Ulysses Grant Elementary and Middle School was built in 1926 as part of the Detroit School District's expansion efforts on the east side. Named for the noted American Civil War general and US President, Grant School was designed by architect George Mason, who also designed the Masonic Temple in downtown Detroit. Like other schools of the late 1920's, Grant was designed for expansion as the neighborhood around it grew. Half the school was built in 1926, while the second unit was finished in 1931, doubling the size of the school. An auditorium and gymnasium would be added in later years.
In later years, Grant had a K-8 program, meaning it was both an elementary and a middle school. Enrollment peaked in 1998 at 846 students, then began to fall through the 2000's, even as nearby schools closed and merged into Grant. By 2006 there were just 485 students, and the neighborhood around the school was deteriorating quickly. The district closed Grant at the end of the 2006 school year, citing poor academic results and the cost of repairs to the roof and plumbing.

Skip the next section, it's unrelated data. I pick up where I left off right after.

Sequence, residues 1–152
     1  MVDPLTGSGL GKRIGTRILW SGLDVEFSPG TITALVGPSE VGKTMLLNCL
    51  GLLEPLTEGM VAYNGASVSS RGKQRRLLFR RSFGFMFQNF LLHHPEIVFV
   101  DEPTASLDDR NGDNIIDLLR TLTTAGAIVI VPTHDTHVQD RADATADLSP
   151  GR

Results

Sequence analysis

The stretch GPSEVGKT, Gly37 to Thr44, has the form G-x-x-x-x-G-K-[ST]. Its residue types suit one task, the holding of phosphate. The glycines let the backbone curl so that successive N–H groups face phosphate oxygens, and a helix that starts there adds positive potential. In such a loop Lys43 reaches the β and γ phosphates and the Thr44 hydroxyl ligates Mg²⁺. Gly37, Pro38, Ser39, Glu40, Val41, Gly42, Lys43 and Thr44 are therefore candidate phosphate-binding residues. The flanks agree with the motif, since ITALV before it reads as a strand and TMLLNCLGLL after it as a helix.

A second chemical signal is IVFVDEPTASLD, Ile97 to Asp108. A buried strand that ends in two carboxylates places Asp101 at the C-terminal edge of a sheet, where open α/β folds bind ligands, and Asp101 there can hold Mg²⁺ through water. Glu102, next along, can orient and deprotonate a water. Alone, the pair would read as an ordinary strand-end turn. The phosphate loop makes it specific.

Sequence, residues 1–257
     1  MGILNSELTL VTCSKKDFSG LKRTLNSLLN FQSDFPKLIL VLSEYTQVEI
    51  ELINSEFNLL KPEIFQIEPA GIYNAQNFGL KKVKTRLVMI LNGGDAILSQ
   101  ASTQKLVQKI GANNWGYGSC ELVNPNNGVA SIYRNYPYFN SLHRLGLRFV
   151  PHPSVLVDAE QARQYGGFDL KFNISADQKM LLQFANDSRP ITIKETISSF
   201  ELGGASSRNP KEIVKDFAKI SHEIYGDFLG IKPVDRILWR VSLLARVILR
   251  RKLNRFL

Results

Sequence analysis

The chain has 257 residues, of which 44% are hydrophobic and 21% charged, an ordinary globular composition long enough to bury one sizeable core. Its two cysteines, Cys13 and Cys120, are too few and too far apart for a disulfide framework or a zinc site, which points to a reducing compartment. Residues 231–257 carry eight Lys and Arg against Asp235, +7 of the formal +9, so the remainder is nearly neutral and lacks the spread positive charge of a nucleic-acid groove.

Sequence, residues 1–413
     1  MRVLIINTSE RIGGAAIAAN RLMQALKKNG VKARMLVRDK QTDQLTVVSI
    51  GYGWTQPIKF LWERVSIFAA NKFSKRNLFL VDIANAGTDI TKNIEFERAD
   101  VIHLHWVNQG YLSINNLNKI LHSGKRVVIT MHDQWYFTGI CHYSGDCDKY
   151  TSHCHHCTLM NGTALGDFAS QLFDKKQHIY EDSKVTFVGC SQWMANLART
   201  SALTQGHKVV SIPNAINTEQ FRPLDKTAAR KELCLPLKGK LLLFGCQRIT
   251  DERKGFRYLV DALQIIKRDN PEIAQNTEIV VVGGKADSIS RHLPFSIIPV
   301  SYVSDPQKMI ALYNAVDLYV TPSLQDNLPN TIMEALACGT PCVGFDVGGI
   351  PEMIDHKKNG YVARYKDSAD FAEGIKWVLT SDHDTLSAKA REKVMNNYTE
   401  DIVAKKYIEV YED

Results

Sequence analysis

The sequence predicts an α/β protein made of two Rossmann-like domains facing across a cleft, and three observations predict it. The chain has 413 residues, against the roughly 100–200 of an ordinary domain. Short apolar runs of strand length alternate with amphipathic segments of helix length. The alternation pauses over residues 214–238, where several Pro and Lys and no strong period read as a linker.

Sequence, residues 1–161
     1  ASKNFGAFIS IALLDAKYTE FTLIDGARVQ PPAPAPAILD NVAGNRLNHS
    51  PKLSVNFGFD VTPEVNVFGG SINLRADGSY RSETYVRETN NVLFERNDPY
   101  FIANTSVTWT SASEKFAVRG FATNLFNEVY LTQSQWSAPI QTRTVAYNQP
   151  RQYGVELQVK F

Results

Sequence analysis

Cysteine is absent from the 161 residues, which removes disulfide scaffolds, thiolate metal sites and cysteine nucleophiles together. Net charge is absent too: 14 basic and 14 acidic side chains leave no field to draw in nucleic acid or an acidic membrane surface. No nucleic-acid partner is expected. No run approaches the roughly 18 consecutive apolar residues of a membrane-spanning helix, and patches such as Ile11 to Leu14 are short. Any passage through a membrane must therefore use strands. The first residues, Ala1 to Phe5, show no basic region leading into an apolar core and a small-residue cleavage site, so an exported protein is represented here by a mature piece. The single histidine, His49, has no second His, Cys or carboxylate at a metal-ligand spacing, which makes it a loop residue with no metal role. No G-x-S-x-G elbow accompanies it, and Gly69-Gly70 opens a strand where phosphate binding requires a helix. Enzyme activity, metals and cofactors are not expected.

The steel panels installed to cover the windows lasted until early 2013, when scrappers began hitting the school hard. By then, the interior of the school was in bad shape, as water had poured through the leaking roof into the floors below. Today the school has been stripped clean, and faces demolition unless a buyer can be found.